Aye Write Crime Authors 2018

The last session with Claire MacLeary, whose two female detectives ‘of a certain age’ are definitely some of the most quirky characters you will come across in the world of crime fiction, as well as Owen Mullen and academic and former solicitor Angus MacAllister centered around a sense of place and a connection to Glasgow. All three authors are either from the Scottish city or have lived there at some point and wrote books set there and had lots of fascinating anecdotes on their research and writing process for their novels.

During my whole time at the festival I tried to avoid sneaking a look at the pages in the programme with all the many tempting sounding events I was inevitably missing and everyone I met seemed to have a great time at the readings they attended. Apart from the main programme, Aye Write also includes a children’s festival, Wee Write, with lots of exciting events for all ages, as well as a number of complementary sessions, such as creative writing classes. It’s a book festival which reflects the city it takes place in: it’s down to earth and warm-hearted with a great sense of humour!

Disclaimer: Life is a Festival was provided with review tickets for select events. Opinions expressed are those of the author. Photography used in this blog post was taken by Life is a Festival with the exception of the Orain Ileach book cover photo. 

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A Bookish Weekend Up North: The Manchester Literature Festival 2016

manchester-literature-festival-2016-logoI really love discovering a city through its cultural venues and this October I spent a weekend in Manchester to attend a few of the Manchester Literature Festival events. Running from 7 to 23 October 2016 and in its 11th year, the city-wide festival offered over 80 readings and talks for book lovers. I managed to catch these great events:

An Evening with Jackie Kay Manchester-based writer Jackie Kay, is always a pleasure to listen to. The event at Halle St Peter’s was chaired by Rachel Cooke, who guided the conversation from Jackie’s childhood with her adoptive parents in Glasgow, to her early years as a young poet up to the present time becoming Scotland’s ‘makar’ (poet laureate) in March 2016 and planning a new project based on visiting all the Scottish islands (sounds fascinating!). There is always such an interesting contrast between Jackie’s bubbly, outgoing personality and her thoughtful, melodic poetry, often dealing with some serious subject matter. I was glad I picked up her memoir Red Dust Road, which chronicles the search for her birth parents in Scotland and Nigeria, after the reading. While the book is partly incredibly sad, it is a fascinating, multi-layered read, which is also extremely funny and honest.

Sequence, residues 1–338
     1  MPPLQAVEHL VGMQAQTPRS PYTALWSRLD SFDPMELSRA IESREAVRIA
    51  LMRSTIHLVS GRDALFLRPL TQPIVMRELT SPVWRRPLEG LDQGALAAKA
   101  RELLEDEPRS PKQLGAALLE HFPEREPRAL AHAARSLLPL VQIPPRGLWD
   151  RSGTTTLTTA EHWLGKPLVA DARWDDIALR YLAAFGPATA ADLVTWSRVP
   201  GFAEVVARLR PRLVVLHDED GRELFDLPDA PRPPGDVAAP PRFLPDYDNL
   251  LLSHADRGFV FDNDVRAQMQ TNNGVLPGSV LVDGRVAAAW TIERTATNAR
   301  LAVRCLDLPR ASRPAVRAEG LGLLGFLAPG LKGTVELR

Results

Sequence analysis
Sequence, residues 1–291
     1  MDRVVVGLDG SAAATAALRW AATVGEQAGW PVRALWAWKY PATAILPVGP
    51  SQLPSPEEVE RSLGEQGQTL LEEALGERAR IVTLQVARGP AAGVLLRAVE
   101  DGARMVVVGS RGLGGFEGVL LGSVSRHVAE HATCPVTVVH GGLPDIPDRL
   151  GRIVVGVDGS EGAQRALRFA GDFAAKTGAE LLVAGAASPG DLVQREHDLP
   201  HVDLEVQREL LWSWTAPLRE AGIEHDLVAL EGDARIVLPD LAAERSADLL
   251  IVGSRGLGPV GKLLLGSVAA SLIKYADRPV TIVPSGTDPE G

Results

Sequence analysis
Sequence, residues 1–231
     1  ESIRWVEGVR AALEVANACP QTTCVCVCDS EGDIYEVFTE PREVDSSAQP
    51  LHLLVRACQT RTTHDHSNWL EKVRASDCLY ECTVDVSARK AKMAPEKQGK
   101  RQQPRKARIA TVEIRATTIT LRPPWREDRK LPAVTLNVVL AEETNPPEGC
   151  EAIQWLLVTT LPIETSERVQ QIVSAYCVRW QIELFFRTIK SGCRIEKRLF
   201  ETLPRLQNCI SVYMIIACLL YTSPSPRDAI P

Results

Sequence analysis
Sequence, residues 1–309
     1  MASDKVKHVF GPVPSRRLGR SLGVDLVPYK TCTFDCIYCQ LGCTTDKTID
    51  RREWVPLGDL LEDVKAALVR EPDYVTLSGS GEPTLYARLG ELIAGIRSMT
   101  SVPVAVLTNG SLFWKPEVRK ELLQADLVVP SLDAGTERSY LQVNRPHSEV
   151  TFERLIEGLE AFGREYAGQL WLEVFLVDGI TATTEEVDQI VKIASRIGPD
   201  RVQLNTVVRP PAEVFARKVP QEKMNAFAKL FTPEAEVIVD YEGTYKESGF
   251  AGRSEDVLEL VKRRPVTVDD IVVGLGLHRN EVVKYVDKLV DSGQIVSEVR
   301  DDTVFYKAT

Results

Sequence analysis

Al-Saddiq Al-Raddi This event was held at the Central Library and featured one of Sudan’s best known poets who has been based in the UK since 2012. After a bilingual reading of his poetry in Arabic and English, the writer was interviewed by author Travis Elborough. I’m always interested to learn about cultures I don’t know much about and languages I don’t speak. As a translator, this often reminds me of the language barriers that need to be overcome in order for different cultures to understand each other and poetry is definitely one of the most beautiful ways to accomplish this.

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Shetland with Ann Cleeves When I was visiting Glasgow for Celtic Connections last January someone recommended the TV series Shetland to me. Having never been a fan of crime dramas or novels, I reluctantly gave it a go, but was quickly hooked by it, like so many of us have been. So of course I jumped at the chance to see the author of the Shetland series, Ann Cleeves, in conversation with lead scriptwriter Gaby Chiappe and actor Alison O’Donnell, who plays Tosh in the series. The event (see image above) chaired by broadcaster Erica Wagner provided a fascinating insight into the writing and adaptation process and it was lovely to see how well the collaboration seems to have worked in this case.

As it was my first visit to Manchester I also tried to get a good bit of – mostly literary – sightseeing in over the weekend. Here are some of my highlights:

chethams-library-manchester-1